The Word Rabbit

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This article was written on 30 Jul 2015, and is filled under Uncategorized.

Formby

I like George Formby.

There. I’ve said it.

You can say this when you’re in your forties as you’re essentially irrelevant, but he’s been the soundtrack to my life, way before it was acceptable to admit to liking toothy thirties entertainers with a talent for slapstick, a cheeky innuendo and a banjolele in his hand. When I first heard ‘Chinese Laundry Blues’ when I was a nipper, I was addicted and, much as I’ve tried to kick the habit, when I’m feeling bleak, I love him all the more.

Other people have come out as Formby fanciers which puts a sheen of respectability over it and even the Beatles wove influences through some of their music, but what makes enjoyable is that you feel as though you’re doing something nice people don’t approve of. Which was always the essence of Formby’s appeal, navigating the border between cheeky smut and open lewdness with a cheery disregard.

This all came back to me when I saw Stewart Lee talking about ‘Skins,’ the programme for teenagers, in which everyone is achingly cool, sexually aggressive and avaricious. He despised the show, as I do, seeing it as about as having nothing do with the lived reality of being a teenager, which it doesn’t, and having none of the sense of desperate alienation and dislocation, which it doesn’t have any truck with, either.

And here is the heart of it. At some mythic point in the past thirty years, we seem to have stopped wanting to show ordinary people having actual fun and resolved ourselves into a two-speed system. On the one hand, desperate reality and misery of the kind popularised by EastEnders and on the other, a kind of surreal, Californian fantasy life that nobody lives.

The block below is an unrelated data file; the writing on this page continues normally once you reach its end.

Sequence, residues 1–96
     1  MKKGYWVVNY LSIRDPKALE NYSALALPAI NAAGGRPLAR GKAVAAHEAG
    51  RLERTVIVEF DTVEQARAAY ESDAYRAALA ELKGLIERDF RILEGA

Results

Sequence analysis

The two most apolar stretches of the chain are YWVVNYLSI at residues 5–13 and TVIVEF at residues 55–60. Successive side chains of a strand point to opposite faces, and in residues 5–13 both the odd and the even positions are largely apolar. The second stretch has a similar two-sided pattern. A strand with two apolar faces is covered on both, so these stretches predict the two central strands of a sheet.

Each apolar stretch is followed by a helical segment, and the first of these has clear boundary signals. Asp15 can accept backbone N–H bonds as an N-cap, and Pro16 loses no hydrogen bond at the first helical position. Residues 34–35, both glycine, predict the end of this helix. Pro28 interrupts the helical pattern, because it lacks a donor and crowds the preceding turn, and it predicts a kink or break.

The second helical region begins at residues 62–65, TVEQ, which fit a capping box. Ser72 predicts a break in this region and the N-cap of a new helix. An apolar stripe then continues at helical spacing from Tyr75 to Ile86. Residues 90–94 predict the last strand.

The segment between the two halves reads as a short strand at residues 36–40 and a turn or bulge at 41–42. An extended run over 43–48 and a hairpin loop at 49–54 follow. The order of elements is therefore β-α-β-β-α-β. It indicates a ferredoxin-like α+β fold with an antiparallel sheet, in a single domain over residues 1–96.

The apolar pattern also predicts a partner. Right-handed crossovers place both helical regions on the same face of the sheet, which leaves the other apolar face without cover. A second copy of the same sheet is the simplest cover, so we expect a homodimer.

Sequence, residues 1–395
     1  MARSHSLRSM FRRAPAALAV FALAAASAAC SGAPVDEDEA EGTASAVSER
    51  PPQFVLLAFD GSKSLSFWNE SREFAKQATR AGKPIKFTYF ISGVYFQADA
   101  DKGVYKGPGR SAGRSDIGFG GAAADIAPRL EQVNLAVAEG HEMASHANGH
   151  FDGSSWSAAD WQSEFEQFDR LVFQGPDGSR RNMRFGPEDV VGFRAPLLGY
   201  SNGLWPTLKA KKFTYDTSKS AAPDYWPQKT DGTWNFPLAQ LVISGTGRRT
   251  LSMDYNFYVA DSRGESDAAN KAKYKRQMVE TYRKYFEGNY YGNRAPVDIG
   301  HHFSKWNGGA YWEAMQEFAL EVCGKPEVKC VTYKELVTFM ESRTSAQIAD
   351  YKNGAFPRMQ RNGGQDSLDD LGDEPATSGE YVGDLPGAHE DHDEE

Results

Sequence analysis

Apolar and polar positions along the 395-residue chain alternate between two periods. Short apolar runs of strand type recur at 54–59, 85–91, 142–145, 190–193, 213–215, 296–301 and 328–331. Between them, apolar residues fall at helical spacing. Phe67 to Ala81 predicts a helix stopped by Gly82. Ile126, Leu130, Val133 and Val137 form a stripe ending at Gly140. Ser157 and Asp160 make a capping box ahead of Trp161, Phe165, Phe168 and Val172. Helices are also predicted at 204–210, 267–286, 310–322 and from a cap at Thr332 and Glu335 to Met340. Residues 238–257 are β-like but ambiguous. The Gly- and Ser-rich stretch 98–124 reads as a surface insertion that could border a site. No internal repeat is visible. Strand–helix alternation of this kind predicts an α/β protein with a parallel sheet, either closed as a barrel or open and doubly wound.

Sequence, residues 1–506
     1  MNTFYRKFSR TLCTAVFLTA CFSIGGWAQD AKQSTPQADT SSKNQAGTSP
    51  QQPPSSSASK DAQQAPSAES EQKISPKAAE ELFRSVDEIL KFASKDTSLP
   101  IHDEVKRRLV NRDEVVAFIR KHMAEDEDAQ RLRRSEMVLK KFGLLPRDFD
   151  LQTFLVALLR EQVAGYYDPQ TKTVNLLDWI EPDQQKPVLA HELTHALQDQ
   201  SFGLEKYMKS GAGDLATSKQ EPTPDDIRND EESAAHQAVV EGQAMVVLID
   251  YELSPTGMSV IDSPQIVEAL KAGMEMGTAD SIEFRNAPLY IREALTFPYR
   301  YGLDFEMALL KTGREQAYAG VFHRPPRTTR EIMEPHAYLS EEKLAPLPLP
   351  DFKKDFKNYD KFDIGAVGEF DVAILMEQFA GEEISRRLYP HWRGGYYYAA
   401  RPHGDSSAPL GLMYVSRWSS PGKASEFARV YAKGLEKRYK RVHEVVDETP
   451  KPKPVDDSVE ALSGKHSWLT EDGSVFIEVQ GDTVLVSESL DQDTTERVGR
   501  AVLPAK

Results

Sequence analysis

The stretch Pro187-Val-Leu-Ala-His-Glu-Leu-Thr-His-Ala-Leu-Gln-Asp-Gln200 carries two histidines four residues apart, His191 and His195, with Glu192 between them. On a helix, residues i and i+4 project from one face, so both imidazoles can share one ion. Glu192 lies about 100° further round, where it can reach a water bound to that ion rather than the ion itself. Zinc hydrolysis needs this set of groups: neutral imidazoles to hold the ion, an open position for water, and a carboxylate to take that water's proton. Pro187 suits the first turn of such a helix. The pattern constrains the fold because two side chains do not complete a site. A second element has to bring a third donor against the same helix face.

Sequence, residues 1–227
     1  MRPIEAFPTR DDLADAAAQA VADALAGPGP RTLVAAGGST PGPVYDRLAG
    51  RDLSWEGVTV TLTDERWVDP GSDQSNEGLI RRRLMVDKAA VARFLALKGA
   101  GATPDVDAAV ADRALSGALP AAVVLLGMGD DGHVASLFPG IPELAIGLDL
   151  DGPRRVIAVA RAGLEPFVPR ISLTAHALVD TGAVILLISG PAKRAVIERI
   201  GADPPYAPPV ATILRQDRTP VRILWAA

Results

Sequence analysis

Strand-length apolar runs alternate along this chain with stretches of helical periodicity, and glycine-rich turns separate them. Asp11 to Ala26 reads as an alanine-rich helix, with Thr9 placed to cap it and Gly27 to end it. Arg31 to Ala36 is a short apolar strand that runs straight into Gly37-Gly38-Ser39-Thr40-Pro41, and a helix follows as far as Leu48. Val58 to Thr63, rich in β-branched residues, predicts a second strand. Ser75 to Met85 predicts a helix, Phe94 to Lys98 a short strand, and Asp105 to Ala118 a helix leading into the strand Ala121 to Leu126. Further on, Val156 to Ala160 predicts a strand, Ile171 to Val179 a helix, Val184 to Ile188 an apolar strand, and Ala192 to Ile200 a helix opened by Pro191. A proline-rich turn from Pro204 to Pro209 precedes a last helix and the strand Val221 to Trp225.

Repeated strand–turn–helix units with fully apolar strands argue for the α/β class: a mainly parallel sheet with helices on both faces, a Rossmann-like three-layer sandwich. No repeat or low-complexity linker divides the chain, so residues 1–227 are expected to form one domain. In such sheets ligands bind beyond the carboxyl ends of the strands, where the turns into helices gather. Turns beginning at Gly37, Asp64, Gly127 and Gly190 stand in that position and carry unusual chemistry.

George, given to all manner of establishment-thwarting antics, wouldn’t fit into this, as he’s neither cowed by the very fact of existence, nor a perma-tanned halfwit with a six-pack. Equally, a whole host of people I admire, from William Blake to Grayson Perry by way of Quentin Crisp, wouldn’t fit into it either, and that’s a shame as they’re the fun ones, the ones who make life worth the living.

When I see him on the screen, punching Hitler in the mouth, mocking posh people and being banned by the BBC, something in my heart that I’m rather fond of rejoices. And I think it’s the anti-establishment part. He was insistent that soldiers, not officers, should sit in the front row of his shows and in one incident, his wife told Henrik Verwoerd, the architect of apartheid to ‘piss off, you nasty little man’ because George would only play to mixed audiences.

But then George’s generation built the NHS, the Welfare State and believed in care for all, from the cradle to the grave. The Skins generation can barely be arsed with any of it but, roused from its self-regarding stupor, would maybe vote for New Labour and has only a shaky understanding of what ATOS, the invasions of Iraq or Afghanistan and the PFI scandal actually are. They like things, and stuff and bad irony because that’s all the world that they live in seems to offer them.

There are laws, and for the most part, they’re wise and just. Paedophiles should be pursued to the ends of the earth and prosecuted so fully that they never see daylight. Laws against hate crimes are the start of something good. We seem, tenuously, to be trembling on the brink of being a more tolerant society. But that’s not what I’m talking about.

The real social transgression is when you do something society doesn’t approve of and do it with such blatant disregard for what people think that they are shown up as small-minded sheep. The people who were overtly gay while it was still illegal. Rosa Parks who refused to sit at the back of the bus. Mandela who was denounced by the Tories as a terrorist and died as one of the world’s most loved statesman. The examples go on.

George may not have the same significance, but to me, he’s a transgressive icon of all that’s good in the world – the ordinary man with a heart who doesn’t know when he’s beaten. Across the ages and from someone who was born decades after you died, I love you, George, and you mean more to me than anyone will ever know.

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